The early reports of election irregularities in Florida really burn me up.
If you’re just joining us: in Broward County, traditionally a Democratic stronghold, some voters are finding their choices flipped from the Democratic candidate to the Republican.
Debra A. Reed voted with her boss on Wednesday at African-American Research Library and Cultural Center near Fort Lauderdale. Her vote went smoothly, but boss Gary Rudolf called her over to look at what was happening on his machine. He touched the screen for gubernatorial candidate Jim Davis, a Democrat, but the review screen repeatedly registered the Republican, Charlie Crist.
That’s exactly the kind of problem that sends conspiracy theorists into high gear — especially in South Florida, where a history of problems at the polls have made voters particularly skittish.
Those zany conspiracy theorists. If only they’d remember to take their Wellbutrin.
After all, Broward Supervisor of Elections spokeswoman Mary Cooney tells us it’s “not uncommon for screens on heavily used machines to slip out of sync, making votes register incorrectly,” but the poll workers can fix things, so there’s no need to be alarmed. “No machines have been removed during early voting,” she says, “and she is not aware of any serious problems.” (Emphasis added.)
Is it just me? Or is the possible miscounting of any vote in a democracy a serious fucking problem?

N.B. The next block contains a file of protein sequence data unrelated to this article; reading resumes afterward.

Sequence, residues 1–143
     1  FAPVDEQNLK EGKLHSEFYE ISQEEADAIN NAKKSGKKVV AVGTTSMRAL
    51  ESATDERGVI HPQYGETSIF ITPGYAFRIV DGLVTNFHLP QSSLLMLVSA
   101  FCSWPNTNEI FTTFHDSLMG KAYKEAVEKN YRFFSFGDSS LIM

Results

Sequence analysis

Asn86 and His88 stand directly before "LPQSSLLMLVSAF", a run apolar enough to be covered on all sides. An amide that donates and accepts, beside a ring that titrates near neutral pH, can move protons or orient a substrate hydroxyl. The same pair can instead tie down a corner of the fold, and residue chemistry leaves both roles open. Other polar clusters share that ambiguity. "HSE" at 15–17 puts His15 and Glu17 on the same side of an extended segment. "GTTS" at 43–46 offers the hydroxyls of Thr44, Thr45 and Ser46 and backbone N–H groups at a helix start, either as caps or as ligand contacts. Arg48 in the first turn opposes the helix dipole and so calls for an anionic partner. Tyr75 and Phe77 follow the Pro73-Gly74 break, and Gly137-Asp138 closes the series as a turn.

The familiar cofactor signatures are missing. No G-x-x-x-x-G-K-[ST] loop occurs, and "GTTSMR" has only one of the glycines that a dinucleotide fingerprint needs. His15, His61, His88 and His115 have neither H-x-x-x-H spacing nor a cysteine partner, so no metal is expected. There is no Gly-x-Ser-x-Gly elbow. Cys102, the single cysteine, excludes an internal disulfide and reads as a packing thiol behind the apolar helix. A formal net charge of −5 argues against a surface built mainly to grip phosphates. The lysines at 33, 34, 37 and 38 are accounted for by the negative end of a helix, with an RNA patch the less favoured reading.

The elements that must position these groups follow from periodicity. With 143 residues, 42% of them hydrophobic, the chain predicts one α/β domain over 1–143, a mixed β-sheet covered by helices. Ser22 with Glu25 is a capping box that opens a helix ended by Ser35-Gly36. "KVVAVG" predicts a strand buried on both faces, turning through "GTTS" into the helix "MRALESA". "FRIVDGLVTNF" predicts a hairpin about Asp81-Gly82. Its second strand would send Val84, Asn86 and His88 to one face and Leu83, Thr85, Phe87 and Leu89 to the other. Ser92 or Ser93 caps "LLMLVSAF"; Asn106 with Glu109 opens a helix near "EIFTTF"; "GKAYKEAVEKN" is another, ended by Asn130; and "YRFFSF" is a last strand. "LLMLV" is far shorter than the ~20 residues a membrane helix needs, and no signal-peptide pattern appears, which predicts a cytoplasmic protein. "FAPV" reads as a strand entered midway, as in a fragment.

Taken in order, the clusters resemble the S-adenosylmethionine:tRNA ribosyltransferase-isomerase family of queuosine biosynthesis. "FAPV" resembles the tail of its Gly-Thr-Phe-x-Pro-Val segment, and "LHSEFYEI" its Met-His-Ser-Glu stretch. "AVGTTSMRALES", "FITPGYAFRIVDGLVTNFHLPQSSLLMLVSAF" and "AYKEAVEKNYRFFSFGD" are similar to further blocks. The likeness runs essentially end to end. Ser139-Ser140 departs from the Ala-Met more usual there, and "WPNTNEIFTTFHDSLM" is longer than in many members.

Especially in a state like Florida, where you have a few hundred votes deciding national elections, where you repeatedly find that the exit polls don’t match results, and where the election chief of a major county has conducted tests showing that electronic results “can be manipulated under the right conditions, without a person even leaving a fingerprint.”
Even leaving aside the vote switcheroo scenario, how do we know the machines are recording the votes as cast? No one checks each vote as it comes in. No one receives a receipt denoting his or her choice. And when the touch screen reflects a ballot cast for the wrong candidate, the elections supervisor says there are no serious problems.
From election to election the same problems surface in Florida, the same questions are raised, and nothing changes. From election to election, voters are expected to take the results on faith. And when they ask for verifiability and accountability, they are cast as conspiracy theorists.
The other night I watched Laura Paglin’s No Umbrella, a documentary of Election Day failures in one of Ohio’s poorest neighborhoods. There the voting issues aren’t electronic ones. After gerrymandering the district just before the election to cram more poor voters into a small Cleveland polling location, the board of elections hasn’t provided nearly enough machines.
People stand in the rain for hours to cast their votes, and octogenarian councilwoman Fannie Lewis keeps placing calls to the board of elections for more machines. But when the machines arrive, they are unusable. No inserts have been provided.
After Lewis repeatedly calls the board of elections, and politely dresses down the mayor, she’s assured inserts are on the way. Hours pass.
“What’d they send them on,” she wonders, “a snail?”
Although the Ohio media reported that the election went off smoothly, interviews with many voters from poor neighborhoods revealed that they didn’t cast votes because they couldn’t wait for hours in the long lines. No wonder black voters believe national elections are rigged.